1 See opinion at page 76.

2 See Machen, "Corporations," Sec. 1036, and cases cited. 3 See Machen, "Corporations," Sec. 1046.

1 Main v. Casserly, 1883, 67 Cal. 127; 7 Pac. 426; Chicago, etc., R. Co. v. Derkes, 1885, 103 Ind. 520; 3 N. E. 239; Dewey v. Toledo, etc., R. Co., 1892, 91 Mich. 351; 51 N. W. 1063; Seymour v. Chicago, etc., Life Co., 1893, 54 Minn. 147; 55 N. W. 907; Camden, etc., R. Co. v. May's Landing, etc., R. Co., 1886, 48 N. J. L. 530; 7 Atl. 523; Bath Gas Light Co. v. Claffy, 1896, 151 N. Y. 24; 45 N. E. 390; 36 L. R. A. 664, (and see Appleton v. Citizens Nat. Bank, 1908, 190 N. Y. 417; 420-421; 83 N. E. 470); Tourtelot P. Whithed, 1900, 9 N. D. 407; 84 N. W. 8; Wright v. The Pipe Line Co., 1882, 101 Pa. St. 204; 47 Am. Rep. 701; Bond p. Terrell, etc., Mfg. Co., 1891, 82 Tex. 309; 18 S. W. 691; McElroy p. Minn. Percheron Horse Co., 1897, 96 Wis. 317; 71N. W. 652; Kanneberg v. Evangelical Creed Congregation, 1911, 146 Wis. 610; 131 N. W. 353.

2 Heims Brewing Co. v. Flannery, 1891, 137 111. 309; 27 N. E. 286. But see Day v. Buggy Co., 1885, 57 Mich. 146; 23 N. W. 628; 58 Am. Rep. 352.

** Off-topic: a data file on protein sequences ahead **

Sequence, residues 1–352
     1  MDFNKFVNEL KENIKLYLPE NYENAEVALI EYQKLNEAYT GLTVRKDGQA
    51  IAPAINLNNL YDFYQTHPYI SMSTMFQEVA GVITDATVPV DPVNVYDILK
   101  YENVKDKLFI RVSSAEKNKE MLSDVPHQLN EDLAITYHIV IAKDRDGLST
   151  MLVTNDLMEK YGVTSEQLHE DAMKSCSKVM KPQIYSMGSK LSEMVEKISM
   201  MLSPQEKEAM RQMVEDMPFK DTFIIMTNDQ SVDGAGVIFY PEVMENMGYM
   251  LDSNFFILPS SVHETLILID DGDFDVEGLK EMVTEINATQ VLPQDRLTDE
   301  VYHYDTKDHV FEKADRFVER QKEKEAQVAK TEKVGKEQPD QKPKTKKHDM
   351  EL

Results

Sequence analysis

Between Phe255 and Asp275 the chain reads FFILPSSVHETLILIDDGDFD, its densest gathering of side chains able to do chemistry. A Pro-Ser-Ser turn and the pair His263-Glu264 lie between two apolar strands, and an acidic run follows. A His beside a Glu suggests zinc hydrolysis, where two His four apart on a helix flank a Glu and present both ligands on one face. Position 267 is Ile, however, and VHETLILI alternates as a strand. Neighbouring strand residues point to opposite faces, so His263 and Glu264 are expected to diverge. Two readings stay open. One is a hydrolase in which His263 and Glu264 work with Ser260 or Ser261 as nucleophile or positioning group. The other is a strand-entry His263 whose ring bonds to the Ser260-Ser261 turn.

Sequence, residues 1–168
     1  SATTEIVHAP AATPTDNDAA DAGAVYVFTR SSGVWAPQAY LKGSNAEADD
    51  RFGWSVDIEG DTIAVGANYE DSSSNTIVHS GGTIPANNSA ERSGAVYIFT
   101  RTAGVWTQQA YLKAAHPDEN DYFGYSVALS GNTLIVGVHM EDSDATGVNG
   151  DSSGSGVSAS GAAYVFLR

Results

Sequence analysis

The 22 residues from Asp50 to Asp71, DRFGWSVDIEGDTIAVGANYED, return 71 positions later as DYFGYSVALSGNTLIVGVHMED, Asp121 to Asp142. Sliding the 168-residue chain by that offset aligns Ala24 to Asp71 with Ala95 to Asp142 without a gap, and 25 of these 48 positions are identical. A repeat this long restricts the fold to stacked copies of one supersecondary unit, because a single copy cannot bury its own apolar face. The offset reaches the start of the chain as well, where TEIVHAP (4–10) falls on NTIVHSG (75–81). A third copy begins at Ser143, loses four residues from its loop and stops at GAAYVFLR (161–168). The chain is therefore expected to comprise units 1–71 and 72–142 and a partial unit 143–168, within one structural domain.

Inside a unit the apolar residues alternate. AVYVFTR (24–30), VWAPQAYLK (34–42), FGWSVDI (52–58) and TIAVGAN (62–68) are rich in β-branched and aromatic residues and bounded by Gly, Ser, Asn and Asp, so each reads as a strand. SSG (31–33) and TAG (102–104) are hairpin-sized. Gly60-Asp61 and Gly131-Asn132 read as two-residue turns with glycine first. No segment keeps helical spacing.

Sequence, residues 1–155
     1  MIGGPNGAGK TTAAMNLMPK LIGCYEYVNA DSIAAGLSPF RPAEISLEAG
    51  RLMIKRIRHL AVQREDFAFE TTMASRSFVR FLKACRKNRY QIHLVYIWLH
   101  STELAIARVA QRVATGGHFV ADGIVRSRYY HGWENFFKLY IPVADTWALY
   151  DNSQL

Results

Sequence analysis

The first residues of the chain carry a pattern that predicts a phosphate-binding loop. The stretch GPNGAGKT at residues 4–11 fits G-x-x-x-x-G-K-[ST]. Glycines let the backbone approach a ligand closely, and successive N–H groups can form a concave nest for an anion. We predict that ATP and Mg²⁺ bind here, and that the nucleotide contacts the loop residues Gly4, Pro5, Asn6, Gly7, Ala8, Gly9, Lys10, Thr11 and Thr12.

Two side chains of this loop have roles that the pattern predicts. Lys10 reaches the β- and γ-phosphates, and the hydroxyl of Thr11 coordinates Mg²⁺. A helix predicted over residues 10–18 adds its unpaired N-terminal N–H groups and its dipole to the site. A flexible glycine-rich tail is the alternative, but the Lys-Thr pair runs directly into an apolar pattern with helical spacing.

Brunswick Gas Light Co. v. United Gas Co., 1893, 85 Me. 532; 27 Atl. 525; 35 Am. St. Rep. 385: Action for breach of covenants of a lease. Walton, J. (p. 540): "No legislative authority for making the lease was shown, and without such authority, we think the lease must be regarded as ultra vires, and void. . . . But it is claimed that, inasmuch as the defendant company took and held possession of the plaintiff company's works by virtue of the lease, ultra vires is no defense to an action to recover the agreed rent. We do not doubt that the plaintiff company is entitled to recover a reasonable rent for the time the defendant company actually occupied the works; but do not think the amount can be measured by the ultra vires agreement. We think that in such cases the recovery must be had upon an implied agreement to pay a reasonable rent; and that, while the ultra vires agreement may be used as evidence, in the nature of an admission, of what is a reasonable rent, it can not be allowed to govern or control the amount."